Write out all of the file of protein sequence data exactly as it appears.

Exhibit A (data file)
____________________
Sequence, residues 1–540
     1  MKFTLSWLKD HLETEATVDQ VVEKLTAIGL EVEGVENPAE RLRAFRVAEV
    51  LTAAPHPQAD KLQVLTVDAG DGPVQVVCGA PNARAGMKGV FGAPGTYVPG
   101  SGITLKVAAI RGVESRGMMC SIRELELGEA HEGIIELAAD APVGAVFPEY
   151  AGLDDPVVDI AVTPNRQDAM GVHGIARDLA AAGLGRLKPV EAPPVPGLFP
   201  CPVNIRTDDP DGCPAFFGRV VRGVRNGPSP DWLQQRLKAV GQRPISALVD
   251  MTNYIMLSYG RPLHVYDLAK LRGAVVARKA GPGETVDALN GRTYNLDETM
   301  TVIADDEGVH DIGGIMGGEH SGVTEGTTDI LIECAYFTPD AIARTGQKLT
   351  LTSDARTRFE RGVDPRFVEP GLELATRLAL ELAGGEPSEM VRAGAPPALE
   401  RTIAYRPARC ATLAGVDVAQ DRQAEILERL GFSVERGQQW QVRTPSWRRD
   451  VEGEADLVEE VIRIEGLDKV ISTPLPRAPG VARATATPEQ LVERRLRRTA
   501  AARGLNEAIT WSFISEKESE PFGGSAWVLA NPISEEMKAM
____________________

Sequence, residues 1–540
     1  MKFTLSWLKD HLETEATVDQ VVEKLTAIGL EVEGVENPAE RLRAFRVAEV
    51  LTAAPHPQAD KLQVLTVDAG DGPVQVVCGA PNARAGMKGV FGAPGTYVPG
   101  SGITLKVAAI RGVESRGMMC SIRELELGEA HEGIIELAAD APVGAVFPEY
   151  AGLDDPVVDI AVTPNRQDAM GVHGIARDLA AAGLGRLKPV EAPPVPGLFP
   201  CPVNIRTDDP DGCPAFFGRV VRGVRNGPSP DWLQQRLKAV GQRPISALVD
   251  MTNYIMLSYG RPLHVYDLAK LRGAVVARKA GPGETVDALN GRTYNLDETM
   301  TVIADDEGVH DIGGIMGGEH SGVTEGTTDI LIECAYFTPD AIARTGQKLT
   351  LTSDARTRFE RGVDPRFVEP GLELATRLAL ELAGGEPSEM VRAGAPPALE
   401  RTIAYRPARC ATLAGVDVAQ DRQAEILERL GFSVERGQQW QVRTPSWRRD
   451  VEGEADLVEE VIRIEGLDKV ISTPLPRAPG VARATATPEQ LVERRLRRTA
   501  AARGLNEAIT WSFISEKESE PFGGSAWVLA NPISEEMKAM